6 Jun

Last night I took my daughter to see the movie ‘The Fault In Our Stars‘. We had both read the book almost two years ago and knew we wanted to see the movie. It’s about a teenage girl who has metastatic thyroid cancer. I will not spoil it because there are surprises if you have not read the book, but I think everyone familiar with the trailers know that at the very least you will need a Kleenex or 10 when you either read it or watch it. I cried from almost the beginning to the end. There were many moments that I identified with, first obviously, she had thyroid cancer. It was difficult watching her and listening to her struggles and thoughts but it was also hard to watch her parents and how they cared for her and even some of their thoughts. For me, the movie and book were both kinda gut-wrenching.

I’m involved with a couple cancer organizations. One where we connect on-line and support each other, the other, I am a ‘mentor’ to those struggling with similar cancer or treatments. We connect and just talk through the emotions and even some of the physical changes that happen from treatment. Last week I spoke with a new person as her ‘Angel mentor’. She, like me, has thyroid cancer; but she, like the the character in the movie, has thyroid cancer that has spread everywhere after 12 years. It was a difficult conversation and I have been praying for her daily as she struggles through. She asked me at the end of our initial conversation how I stay so positive because she can’t find that right now. I told her mostly faith, part personality, and part choice. What’s the alternative? I also told her it’s ok to feel down. There’s a quote from the movie (and book), ‘Grief does not change you, it reveals you.’ Sometimes we have to dig so deep. In speaking with her there are many things we share in common which I’m sure any cancer patient has felt:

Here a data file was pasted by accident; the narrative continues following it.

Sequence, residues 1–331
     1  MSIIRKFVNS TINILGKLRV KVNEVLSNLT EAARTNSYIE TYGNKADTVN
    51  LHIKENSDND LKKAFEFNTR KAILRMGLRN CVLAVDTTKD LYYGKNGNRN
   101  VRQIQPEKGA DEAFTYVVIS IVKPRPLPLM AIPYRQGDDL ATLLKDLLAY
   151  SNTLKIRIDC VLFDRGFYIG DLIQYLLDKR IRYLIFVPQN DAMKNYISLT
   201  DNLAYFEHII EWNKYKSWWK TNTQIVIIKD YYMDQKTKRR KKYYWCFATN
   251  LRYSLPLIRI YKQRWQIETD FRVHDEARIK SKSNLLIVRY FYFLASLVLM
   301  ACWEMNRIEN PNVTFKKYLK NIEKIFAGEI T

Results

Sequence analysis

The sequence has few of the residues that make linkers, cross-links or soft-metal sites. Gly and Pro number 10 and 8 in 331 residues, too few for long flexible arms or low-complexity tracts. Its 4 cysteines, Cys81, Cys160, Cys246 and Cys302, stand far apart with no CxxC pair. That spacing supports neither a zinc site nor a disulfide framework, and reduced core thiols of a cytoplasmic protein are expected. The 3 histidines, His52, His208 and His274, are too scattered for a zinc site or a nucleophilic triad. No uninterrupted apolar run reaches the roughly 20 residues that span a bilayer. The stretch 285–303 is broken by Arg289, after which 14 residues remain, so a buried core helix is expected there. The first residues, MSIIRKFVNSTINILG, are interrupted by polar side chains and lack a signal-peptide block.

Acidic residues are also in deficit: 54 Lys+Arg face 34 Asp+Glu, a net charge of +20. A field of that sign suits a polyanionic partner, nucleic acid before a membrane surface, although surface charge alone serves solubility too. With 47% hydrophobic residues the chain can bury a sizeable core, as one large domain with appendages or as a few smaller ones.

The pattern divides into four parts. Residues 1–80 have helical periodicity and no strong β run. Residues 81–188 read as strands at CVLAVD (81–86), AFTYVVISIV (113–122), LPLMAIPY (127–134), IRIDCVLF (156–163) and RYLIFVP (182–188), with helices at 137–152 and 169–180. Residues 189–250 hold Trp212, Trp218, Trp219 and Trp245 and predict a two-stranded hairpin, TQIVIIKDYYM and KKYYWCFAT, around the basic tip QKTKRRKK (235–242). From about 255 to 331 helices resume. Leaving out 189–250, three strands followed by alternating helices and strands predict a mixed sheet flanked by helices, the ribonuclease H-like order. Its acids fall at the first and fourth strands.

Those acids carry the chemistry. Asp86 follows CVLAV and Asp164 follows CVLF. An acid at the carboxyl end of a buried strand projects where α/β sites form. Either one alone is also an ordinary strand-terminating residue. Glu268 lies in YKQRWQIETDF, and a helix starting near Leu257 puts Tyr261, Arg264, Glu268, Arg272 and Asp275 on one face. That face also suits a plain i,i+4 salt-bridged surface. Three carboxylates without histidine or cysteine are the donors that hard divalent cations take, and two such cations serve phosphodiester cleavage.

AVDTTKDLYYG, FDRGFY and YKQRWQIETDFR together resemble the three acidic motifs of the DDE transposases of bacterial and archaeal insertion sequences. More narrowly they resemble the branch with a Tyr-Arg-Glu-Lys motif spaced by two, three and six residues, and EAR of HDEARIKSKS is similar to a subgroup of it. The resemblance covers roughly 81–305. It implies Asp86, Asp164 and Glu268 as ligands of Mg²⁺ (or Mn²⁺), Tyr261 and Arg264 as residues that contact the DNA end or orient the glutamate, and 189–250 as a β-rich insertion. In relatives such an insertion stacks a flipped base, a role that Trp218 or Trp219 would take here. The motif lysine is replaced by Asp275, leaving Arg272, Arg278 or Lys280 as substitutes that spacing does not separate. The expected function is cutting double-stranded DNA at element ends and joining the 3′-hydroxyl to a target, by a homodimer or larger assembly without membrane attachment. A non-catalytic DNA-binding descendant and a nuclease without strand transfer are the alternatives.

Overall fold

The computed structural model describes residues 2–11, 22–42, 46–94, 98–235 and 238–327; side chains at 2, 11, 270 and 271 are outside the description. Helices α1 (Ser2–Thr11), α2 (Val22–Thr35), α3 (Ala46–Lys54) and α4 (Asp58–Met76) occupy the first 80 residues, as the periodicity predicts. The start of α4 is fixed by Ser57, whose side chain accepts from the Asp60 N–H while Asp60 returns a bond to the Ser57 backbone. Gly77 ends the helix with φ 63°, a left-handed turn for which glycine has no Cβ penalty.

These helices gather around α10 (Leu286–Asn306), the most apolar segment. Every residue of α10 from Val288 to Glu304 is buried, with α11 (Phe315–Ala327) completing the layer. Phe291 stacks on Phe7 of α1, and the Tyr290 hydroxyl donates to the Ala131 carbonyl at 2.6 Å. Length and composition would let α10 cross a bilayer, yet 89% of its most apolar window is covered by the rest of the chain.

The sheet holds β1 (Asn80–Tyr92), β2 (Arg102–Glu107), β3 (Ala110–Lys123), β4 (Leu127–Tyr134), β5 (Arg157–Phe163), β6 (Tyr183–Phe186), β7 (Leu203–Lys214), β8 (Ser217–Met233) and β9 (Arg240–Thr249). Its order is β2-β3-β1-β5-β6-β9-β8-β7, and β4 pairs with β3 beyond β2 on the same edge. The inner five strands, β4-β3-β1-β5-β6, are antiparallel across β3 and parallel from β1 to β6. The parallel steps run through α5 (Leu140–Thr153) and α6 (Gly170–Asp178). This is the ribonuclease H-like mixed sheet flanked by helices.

* When we feel down, other people feel worst. When we act and talk like we feel great, people feel better. Therefore most times, we don’t really want to say we feel bad
* Having cancer more than once is difficult. Both of us agreed that telling people it was back was a little embarrassing and discouraging
* Although we all want to say ‘why me?’ when we look at our loved ones we think ‘why not me?’
* We both hate when people say that thyroid cancer is the easy cancer. Clearly it’s cancer that can spread and take over your body. Neither of us had it ‘easy’
* So this is a weird one, if you’re a woman with cancer and it’s not breast cancer, we’re a little jealous of the pink (sorry)
* Cancer makes us see what and who are truly important. We don’t want to waste a moment. Another quote from the movie ‘The marks humans leave are too often scars.’
* Sometimes the sadness of how cancer affects us is overwhelming but sometimes the joy we now find in simple moments is equally if not more overwhelming. ‘The real heroes anyway aren’t the people doing things; the real heroes are the people noticing things, paying attention.

We don’t choose cancer, it just shows up.

Today I wear Tarte Amazonian Butter Lipstick in Tulip which is a pinky mauve. I love these because like the name they feel like butter. I chose this color because it’s perfect for every day. It also looks great on every skin tone by the way. Cheers!


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